In POSIX-land, select handles all of these kinds of cases, because (all together now!) in POSIX, all the world’s a file descriptor.

  5. SuperKoko says:

    > But if MsgWaitForEtc can wait for window messages too, then never mind, it isn’t "more general". Well, it may be (I’m not sure), but not for this reason.

    It does.

    Actually, you can specify a "mask" of messages to handle, which can include WM_PAINT messages, keyboard messages, SendMessage’s messages, mouse messages, etc.

    http://msdn.microsoft.com/library/default.asp?url=/library/en-us/dllproc/base/msgwaitformultipleobjects.asp

    I wonder if there is a safe method to treat all messages before calling MsgWaitForMultipleObjects.

    Even using PeekMessage, a new message might be recieved just after the last PeekMessage has returned and just before the MsgWaitForMultipleObjects is executed.

    This is unlikely to happen, but may happen.

    Setting a dummy timer which sends dummy messages, just to make MsgWaitForMultipleObjects return at regular intervals (or using a small timeout), partially solves the problem, but introduces a conceputal flaw, and a performance reduction (like the "Performance consequences of polling" article explained).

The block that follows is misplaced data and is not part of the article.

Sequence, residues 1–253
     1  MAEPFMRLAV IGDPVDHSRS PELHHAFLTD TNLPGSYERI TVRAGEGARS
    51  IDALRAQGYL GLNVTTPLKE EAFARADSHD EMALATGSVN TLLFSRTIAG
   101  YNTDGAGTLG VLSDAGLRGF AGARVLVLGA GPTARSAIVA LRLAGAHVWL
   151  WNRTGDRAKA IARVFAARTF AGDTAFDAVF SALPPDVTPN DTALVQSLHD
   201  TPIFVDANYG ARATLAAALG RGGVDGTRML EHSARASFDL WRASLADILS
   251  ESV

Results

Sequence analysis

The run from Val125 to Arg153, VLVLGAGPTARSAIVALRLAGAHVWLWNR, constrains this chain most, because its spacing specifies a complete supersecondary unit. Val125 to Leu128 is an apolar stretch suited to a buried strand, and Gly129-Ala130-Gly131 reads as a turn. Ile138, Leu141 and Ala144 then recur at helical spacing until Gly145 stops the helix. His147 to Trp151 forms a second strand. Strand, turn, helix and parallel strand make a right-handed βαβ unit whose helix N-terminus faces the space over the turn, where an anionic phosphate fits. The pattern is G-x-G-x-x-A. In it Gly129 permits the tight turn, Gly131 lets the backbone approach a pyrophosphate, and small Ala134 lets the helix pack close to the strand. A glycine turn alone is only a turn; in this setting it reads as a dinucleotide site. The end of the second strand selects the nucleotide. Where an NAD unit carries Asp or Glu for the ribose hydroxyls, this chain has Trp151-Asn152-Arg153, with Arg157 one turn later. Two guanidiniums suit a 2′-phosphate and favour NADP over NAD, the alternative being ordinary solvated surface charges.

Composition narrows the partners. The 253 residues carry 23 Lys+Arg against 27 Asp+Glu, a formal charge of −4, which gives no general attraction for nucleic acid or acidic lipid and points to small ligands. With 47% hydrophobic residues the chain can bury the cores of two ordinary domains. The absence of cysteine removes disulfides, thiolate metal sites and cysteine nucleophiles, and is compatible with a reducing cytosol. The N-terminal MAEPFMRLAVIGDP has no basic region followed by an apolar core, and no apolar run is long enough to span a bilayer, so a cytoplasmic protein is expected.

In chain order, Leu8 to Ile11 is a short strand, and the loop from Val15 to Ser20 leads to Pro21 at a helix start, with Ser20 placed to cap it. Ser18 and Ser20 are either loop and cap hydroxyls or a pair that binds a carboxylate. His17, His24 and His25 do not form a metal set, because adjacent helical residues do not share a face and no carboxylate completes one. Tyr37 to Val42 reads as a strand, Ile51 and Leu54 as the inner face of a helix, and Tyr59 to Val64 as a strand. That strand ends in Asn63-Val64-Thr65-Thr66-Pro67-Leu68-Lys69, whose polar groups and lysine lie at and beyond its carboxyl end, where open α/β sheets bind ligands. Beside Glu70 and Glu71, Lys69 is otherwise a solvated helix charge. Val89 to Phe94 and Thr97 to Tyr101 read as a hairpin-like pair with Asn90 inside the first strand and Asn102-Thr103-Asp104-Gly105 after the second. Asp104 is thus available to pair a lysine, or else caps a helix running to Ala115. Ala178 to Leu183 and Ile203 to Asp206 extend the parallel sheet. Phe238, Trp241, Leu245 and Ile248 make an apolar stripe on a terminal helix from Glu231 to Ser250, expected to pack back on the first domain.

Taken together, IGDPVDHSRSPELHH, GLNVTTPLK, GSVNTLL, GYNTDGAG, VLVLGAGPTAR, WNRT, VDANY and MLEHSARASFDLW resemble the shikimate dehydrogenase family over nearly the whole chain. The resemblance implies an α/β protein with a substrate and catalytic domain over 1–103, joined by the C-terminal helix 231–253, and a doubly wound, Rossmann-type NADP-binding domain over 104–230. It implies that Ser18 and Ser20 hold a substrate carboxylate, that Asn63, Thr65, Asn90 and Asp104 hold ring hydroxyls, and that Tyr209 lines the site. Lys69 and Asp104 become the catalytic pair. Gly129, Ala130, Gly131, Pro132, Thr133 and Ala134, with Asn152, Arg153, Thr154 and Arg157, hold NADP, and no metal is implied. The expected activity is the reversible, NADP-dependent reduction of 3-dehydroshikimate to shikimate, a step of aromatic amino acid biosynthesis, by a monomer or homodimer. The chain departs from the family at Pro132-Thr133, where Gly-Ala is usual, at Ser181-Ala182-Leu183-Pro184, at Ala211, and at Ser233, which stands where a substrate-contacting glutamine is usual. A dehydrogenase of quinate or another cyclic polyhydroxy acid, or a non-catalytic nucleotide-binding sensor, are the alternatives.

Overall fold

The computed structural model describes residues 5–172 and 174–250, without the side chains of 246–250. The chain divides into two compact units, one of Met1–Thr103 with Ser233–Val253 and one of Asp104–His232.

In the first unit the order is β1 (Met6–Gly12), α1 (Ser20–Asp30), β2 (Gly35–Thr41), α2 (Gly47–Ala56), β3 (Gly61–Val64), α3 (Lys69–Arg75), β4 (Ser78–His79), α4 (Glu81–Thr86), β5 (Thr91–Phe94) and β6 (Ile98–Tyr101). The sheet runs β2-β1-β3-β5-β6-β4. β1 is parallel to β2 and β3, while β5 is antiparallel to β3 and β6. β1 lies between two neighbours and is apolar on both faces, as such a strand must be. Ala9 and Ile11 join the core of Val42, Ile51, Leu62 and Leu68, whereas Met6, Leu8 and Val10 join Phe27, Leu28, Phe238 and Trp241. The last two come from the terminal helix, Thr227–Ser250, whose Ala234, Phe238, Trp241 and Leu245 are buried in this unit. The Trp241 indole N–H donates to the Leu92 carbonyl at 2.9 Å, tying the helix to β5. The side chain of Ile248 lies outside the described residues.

6. BryanK says:

    Actually, if MsgWaitForEtc only waits for thread messages, then POSIX’s select() is more general. Because in POSIX-land, the equivalent of WM_PAINT (which is a window message in Win32, not a thread message — right?) is sent to your X11 socket, which can be put into one or more of the select() FD_SETs.

    So select() can handle more than just wait objects and (X11’s version of) thread messages — it can handle wait objects plus *any* (X11) message.

    But if MsgWaitForEtc can wait for window messages too, then never mind, it isn’t "more general". Well, it may be (I’m not sure), but not for this reason.

  7. SuperKoko: I already discussed the lack-of-race-condition last year. http://blogs.msdn.com/oldnewthing/archive/2005/02/17/375307.aspx

  8. Richard says:

    "MWFMO_WAITANY"? Is this a local synonym for TRUE? I can’t find it on MSDN (VS2005 version).

  9. Stu says:

    Now that we’ve mentioned POSIX (and X11), doesn’t everyone think that using select() is sooo much easier that having to remember all those WaitFor* calls in windows?

    Besides, if I’m waiting on a socket or pipe on *nix, is just use a blocking read() or recv().

  10. I mentally swapped MsgWaitForMultipleObjects and MsgWaitForMultipleObjectsEx, sorry. But if you understand the underlying message you should have been able to fix the problem yourself. (Consider it an unintended exercise for the reader.)

  11. Anonymous Terrorist says:

    [1/26: Fix call to MsgWaitForMultipleObjects;

    > had it confused with

    > MsgWaitForMultipleObjectsEx.

    > That’s what happens when you write entries

    > on an airplane.]

    When you write entries on an airplane, Ex maniacs slip corruption into your code?

Comments are closed.